High-energy interactions in Bologna

5 September 2022
Discussions at ICHEP

Involving around 1500 participants, 17 parallel sessions, 900 talks and 250 posters, ICHEP2022 (which took place in Bologna from 6 to 13 July) was a remarkable week of physics, technology and praxis. The energy and enthusiasm among the more than 1200 delegates who were able to attend in person was palpable. As the largest gathering of the community since the beginning of the pandemic – buoyed by the start of LHC Run 3 and the 10th anniversary of the Higgs-boson discovery – ICHEP2022 served as a powerful reminder of the importance of non-digital interactions.

Roberto Tenchini’s (INFN Pisa) heroic conference summary began with a reminder: it is 10 years since ICHEP included a session titled “Standard Model”, the theory being so successful that it now permeates most sessions. As an example, he highlighted cross-section predictions tested over 14 orders of magnitude at the LHC. Building on the Higgs@10 symposium at CERN on 4 July, the immense progress in understanding the properties and interactions of the Higgs boson (including legacy results with full Run 2 statistics in two papers by ATLAS and CMS published in Nature on 4 July) was centre stage. CERN Director-General Fabiola Gianotti gave a sweeping tour of the path to discovery and emphasised the connections between the Higgs boson and profound structural problems in the SM. Many speakers highlighted the concomitant role of the Higgs boson in exploring new physics, dashing notions that future precision measurements are “business as usual”. Chiara Mariotti (INFN Torino) pointed out that only 3% of the total Higgs data expected at the LHC has been analysed so far.

Hot topics

Another hot electroweak topic was CDF’s recent measurement of the mass of the W boson, as physicists try to understand what could cause it to lie so far from its prediction and from previous measurements. Andrea Rizzi (Pisa) confirmed that CMS is working hard on a W-mass analysis that will bring crucial information, on a time-scale to be decided. Patience is king with such a complex analysis, he said: “we are really trying to do the measurement the way we want to do it.”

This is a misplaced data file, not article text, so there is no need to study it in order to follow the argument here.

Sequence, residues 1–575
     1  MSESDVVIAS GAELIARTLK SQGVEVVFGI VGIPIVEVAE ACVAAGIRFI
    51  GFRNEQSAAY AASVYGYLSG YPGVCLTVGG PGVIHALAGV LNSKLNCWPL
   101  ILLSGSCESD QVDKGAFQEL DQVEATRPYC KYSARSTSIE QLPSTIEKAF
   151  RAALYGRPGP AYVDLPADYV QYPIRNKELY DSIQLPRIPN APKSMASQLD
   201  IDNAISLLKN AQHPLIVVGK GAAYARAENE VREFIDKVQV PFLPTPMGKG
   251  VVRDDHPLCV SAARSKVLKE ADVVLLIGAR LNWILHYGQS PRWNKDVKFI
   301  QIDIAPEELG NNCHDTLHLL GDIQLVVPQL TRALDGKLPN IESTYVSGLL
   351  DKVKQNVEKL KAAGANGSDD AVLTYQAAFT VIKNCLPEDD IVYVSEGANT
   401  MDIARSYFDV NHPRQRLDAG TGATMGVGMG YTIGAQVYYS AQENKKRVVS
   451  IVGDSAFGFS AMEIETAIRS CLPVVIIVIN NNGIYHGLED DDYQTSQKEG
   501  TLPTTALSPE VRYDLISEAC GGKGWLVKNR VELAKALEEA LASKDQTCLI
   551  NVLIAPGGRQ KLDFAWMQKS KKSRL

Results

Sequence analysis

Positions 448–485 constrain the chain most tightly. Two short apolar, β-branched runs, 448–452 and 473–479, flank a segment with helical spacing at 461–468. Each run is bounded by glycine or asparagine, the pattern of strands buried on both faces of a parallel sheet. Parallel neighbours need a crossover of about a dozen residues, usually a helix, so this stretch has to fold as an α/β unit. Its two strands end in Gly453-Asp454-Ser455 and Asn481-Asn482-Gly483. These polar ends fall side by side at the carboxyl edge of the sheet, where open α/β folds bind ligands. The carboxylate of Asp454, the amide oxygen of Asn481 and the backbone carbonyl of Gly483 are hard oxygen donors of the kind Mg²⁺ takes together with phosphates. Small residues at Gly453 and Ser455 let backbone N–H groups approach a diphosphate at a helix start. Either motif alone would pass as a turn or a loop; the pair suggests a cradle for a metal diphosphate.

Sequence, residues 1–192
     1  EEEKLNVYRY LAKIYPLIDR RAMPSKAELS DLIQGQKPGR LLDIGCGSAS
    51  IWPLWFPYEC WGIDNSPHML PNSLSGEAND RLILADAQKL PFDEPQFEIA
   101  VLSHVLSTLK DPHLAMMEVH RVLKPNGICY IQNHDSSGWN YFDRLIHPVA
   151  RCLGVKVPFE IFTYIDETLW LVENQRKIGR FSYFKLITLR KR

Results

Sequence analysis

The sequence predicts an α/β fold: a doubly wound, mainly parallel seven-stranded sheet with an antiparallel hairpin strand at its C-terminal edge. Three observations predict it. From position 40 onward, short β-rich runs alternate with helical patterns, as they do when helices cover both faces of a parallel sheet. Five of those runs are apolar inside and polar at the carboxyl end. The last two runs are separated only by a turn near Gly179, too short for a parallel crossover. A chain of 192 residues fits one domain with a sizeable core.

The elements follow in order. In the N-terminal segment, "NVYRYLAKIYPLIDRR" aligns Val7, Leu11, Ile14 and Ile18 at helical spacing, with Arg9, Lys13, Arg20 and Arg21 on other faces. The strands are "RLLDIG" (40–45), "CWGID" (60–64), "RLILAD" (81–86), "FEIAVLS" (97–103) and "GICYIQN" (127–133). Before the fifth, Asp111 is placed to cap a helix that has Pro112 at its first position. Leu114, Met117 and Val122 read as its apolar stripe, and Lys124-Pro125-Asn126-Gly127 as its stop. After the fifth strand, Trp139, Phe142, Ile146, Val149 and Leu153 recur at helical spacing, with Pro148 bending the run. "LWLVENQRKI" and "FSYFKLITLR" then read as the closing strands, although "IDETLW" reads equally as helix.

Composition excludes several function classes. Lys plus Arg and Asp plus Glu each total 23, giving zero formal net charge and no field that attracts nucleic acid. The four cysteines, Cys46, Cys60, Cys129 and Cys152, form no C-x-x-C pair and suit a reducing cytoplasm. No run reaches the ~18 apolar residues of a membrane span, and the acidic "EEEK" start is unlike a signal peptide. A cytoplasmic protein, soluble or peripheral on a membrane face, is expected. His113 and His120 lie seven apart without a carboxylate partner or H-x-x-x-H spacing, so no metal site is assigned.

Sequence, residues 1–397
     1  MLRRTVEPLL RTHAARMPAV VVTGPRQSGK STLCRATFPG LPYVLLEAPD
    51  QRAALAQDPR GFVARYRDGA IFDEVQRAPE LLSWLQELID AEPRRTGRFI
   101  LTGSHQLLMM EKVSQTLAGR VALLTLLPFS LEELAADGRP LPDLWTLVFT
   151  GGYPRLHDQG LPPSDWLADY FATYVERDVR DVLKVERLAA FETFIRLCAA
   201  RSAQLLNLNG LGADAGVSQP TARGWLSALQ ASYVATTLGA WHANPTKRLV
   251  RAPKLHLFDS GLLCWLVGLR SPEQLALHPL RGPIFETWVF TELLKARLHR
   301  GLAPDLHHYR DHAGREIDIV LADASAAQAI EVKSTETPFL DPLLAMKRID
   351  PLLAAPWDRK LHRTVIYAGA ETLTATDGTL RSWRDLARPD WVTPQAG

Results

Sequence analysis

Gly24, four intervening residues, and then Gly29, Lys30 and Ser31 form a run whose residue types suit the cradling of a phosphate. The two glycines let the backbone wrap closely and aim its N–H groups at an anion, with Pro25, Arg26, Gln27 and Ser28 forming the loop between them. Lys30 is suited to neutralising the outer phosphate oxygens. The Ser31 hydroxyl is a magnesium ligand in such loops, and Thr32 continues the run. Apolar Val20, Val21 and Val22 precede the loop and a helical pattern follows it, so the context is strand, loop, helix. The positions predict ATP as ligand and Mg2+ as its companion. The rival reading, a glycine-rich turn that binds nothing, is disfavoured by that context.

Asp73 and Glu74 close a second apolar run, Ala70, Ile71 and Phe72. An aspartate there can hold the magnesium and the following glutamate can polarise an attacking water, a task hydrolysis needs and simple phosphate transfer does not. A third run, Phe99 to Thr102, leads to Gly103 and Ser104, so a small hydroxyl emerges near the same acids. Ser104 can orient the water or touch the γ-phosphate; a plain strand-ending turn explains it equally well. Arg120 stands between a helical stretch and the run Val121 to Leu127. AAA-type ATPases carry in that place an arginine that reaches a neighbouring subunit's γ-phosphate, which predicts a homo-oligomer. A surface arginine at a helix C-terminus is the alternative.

CMS presented a total of 85 parallel talks and 28 posters, including new searches related to b-anomalies with taus, and the most precise measurement of Bs μ+μ. Among new results presented by ATLAS in 71 parallel talks and 59 posters were the observation of a four charm–quark state consistent with one seen by LHCb, joint-polarisation measurements of the W and Z bosons, and measurements of the total proton–proton cross section and the ratio of the real vs imaginary parts of the elastic-scattering amplitude. ATLAS and CMS also updated participants on many searches for new particles, in particular leptoquarks. Among highlights were searches by ATLAS for events with displaced vertices, which could be caused by long-lived particles, and by CMS for resonances decaying to Higgs bosons and pairs of either photons or b quarks, which show interesting excesses. “Se son rose fioriranno!” said Tenchini. 

The sigmas are rather higher for exotic hadrons. LHCb presented the discovery of a new strange pentaquark (with a minimum quark content ccuds) and two tetraquarks (one corresponding to the first doubly charged open-charm tetraquark with csud), taking the number of hadrons discovered at the LHC so far to well over 60, and introducing a new exotic-hadron naming scheme for “particle zoo 2.0” (Exotic hadrons brought into order by LHCb). LHCb also reported the first evidence for direct CP violation in the charm system (LHCb digs deeper in CP-violating charm decays) and a new precise measurement of the CKM angle γ. Vladimir Gligorov (LPNHE) described how, in addition to the flavour factories LHCb and Belle II, experiments including ATLAS, CMS, BESIII, NA62 and KOTO will be crucial to enable the next level of understanding in quark mixing. Despite no significant new results having been presented, the status of tests of lepton flavour universality (LFU) in B decays by LHCb generated lively discussions, while Toshinori Mori (Tokyo) described exciting prospects for LFU tests in charged-lepton flavour experiments, in particular MEG-II, which has just started operations at PSI, and the upcoming Mu2e and MUonE experiments.